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ResourcesVisa & Immigration LawUS Immigration LawUS Marriage Visa Processing Times CR-1, IR-1, K-3

US Marriage Visa Processing Times CR-1, IR-1, K-3

Transcript of the above video:

As the title of this video suggests we're going to be discussing marriage visas specifically the CR-1, IR-1 and the K-3 in the context of processing times.

Now the thing to take away from this video is I'm not going to tell you exactly how long a case is going to take; I am not even going to provide estimates. Those estimates can vary wildly. In the 90’s,  you had really seriously long lines with respect to US marriage visas, in the early 2000’s that was even the case. Even in the teens we've seen issues where you can see long processing times. I am not going to go into that.

What I want people to take away from this video is to understand that the various aspects of the process have their own inherent processing times so what I often see is people get the mistaken impression that when they go online and look at the processing time for an I-130 petition, which is the underlying petition for a CR-1 or an IR-1 visa, they seem to think that that visa is basically going to take 6 months because it says online “oh well currently the estimated processing time of an underlying petition is 6 months”, but DHS is not the end of the road in cases where you have a foreign spouse overseas, specifically here in Bangkok, Thailand, which is basically sort of where we do most of our case work although throughout the region we deal with cases, but here in Bangkok is where we deal with the Embassy first-hand the most or with the most frequency.

But the thing to take away from this is, okay, you have got Department of Homeland Security, you have got your petition approved; it happened in five months. The visa doesn't just magically appear out of the air. In fact that is far more to it. Unlike the K-1 fiancée visa process, the National Visa Center is a significant portion of the overall process for getting a spouse into the United States in marriage visa status. National Visa Center is essentially in a lot of ways, I won’t call them redundant, but they have a similar function in terms of document gathering but it is for Department of State rather than for the Department of Homeland Security. It can take a number of weeks to go ahead and process through National Visa Center and finally get the case moved over for interview at the US Embassy abroad. Once the case does go to interview at a US Embassy abroad, let's take for example Bangkok, Thailand, it is possible that further documentation may be required from the adjudicating Consular Officer after the interview. In that case, what is called a 221(g) Request for Further Documentation can be issued by that Officer and it can take a number of more weeks to go ahead and fully process the case on through.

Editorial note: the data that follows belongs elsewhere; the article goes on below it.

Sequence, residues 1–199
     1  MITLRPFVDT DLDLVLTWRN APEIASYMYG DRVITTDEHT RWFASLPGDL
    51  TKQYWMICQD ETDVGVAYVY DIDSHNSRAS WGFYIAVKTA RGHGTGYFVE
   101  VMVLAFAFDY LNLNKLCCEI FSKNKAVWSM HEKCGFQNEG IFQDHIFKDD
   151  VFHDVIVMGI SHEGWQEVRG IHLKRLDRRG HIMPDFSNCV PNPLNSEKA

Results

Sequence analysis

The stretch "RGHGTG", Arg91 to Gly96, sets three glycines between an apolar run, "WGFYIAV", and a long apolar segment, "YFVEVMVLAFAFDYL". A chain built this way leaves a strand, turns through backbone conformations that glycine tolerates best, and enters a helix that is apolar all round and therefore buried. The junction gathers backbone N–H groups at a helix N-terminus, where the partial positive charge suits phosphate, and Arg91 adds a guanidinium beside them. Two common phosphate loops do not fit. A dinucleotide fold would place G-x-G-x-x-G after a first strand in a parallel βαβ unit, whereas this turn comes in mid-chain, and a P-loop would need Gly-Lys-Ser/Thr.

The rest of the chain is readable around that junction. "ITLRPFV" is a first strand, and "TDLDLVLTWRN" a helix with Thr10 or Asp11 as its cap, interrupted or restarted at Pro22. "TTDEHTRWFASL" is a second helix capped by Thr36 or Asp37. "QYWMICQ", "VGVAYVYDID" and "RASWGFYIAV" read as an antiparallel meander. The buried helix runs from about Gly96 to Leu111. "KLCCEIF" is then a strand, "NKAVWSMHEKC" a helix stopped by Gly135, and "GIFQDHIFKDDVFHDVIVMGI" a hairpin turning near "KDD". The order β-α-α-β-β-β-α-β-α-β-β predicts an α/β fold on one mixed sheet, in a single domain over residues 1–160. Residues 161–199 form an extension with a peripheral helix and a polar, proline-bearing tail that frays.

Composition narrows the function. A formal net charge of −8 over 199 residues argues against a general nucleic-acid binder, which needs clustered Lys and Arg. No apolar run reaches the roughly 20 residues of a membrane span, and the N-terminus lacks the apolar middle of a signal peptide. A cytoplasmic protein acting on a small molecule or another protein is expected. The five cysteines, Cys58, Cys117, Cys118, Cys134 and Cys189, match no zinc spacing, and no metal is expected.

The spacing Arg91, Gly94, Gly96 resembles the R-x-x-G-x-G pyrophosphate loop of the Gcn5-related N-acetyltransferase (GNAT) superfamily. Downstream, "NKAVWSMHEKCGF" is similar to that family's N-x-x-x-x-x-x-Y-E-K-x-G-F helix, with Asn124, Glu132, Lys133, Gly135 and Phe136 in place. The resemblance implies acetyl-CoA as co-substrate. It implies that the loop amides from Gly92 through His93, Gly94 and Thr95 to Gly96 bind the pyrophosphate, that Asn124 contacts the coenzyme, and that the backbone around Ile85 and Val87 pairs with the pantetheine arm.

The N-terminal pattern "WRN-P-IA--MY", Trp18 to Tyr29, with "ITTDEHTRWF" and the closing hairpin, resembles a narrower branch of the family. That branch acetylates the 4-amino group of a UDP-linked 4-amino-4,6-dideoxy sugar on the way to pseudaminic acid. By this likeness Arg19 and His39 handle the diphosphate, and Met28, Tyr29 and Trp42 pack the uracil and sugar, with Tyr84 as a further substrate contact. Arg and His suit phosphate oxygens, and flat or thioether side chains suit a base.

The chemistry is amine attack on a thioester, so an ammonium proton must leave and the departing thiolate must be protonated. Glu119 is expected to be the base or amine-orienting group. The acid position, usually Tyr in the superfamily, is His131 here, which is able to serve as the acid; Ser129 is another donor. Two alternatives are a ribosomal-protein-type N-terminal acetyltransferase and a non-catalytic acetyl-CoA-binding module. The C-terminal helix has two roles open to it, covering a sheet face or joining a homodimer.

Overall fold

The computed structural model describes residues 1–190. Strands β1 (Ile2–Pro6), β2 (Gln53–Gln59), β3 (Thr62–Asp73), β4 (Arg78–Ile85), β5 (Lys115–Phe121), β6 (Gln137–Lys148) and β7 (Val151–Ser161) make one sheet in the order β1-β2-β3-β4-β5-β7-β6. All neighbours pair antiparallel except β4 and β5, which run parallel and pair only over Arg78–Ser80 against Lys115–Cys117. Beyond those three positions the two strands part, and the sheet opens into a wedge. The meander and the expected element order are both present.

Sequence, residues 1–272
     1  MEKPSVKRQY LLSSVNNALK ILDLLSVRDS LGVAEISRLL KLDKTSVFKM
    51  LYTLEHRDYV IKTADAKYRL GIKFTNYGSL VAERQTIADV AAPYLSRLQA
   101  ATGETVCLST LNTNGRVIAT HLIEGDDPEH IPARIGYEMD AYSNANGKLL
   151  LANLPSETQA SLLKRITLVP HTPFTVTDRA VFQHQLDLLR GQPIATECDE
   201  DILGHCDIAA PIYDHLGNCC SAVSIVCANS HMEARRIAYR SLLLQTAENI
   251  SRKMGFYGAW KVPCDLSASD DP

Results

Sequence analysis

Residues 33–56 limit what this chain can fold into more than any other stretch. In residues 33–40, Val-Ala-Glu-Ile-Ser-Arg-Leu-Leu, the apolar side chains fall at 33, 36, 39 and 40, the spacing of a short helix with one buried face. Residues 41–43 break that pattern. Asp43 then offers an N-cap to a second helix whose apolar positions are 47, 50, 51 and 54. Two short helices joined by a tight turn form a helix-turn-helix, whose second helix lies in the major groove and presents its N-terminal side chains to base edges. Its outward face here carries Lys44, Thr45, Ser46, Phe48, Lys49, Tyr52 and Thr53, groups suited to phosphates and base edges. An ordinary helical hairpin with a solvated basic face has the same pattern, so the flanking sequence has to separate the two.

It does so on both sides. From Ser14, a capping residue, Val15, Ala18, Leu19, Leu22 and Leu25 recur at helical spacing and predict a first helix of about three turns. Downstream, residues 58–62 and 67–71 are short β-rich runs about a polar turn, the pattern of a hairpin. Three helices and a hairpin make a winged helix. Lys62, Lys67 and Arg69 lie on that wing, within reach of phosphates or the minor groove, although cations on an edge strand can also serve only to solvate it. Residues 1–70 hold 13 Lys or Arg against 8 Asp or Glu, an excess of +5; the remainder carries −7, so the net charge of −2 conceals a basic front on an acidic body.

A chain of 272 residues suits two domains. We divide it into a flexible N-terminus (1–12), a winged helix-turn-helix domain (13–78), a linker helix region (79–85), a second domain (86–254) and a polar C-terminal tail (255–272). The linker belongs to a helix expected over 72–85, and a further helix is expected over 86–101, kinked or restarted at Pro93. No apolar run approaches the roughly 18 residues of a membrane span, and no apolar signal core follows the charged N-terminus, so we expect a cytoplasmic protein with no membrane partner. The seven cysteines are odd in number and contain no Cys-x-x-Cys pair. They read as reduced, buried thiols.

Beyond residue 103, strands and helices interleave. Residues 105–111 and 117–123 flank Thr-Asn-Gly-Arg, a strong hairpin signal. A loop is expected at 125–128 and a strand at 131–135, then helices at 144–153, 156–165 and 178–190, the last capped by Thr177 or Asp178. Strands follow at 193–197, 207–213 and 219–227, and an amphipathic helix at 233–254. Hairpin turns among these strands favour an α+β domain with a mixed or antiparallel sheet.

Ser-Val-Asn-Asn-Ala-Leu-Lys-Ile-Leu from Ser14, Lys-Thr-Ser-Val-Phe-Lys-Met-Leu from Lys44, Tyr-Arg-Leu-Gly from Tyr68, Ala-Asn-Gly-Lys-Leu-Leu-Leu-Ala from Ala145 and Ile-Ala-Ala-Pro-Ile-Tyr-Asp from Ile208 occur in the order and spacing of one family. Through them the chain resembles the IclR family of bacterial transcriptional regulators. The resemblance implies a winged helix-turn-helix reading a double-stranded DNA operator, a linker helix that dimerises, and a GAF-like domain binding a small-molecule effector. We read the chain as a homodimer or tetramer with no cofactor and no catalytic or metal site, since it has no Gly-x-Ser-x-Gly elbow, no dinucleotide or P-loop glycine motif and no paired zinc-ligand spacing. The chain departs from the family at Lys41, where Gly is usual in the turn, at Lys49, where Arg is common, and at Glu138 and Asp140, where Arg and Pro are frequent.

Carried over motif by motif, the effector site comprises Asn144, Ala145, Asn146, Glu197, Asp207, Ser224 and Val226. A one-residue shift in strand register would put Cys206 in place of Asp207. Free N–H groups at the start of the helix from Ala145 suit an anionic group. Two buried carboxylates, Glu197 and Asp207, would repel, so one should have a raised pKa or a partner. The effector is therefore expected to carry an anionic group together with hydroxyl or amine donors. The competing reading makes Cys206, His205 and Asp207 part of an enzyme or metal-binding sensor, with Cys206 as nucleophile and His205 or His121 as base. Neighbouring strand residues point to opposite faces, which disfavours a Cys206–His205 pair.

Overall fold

So the thing I want folks to go ahead and take away from this video is you can't look at simply one aspect of the process. There's various government agencies involved in this and each one has their own inherent internal processing time or estimated processing guidelines but you have to put it all together in the aggregate to understand how long it is going to take from initial visa filing until final visa decision at the US Embassy abroad.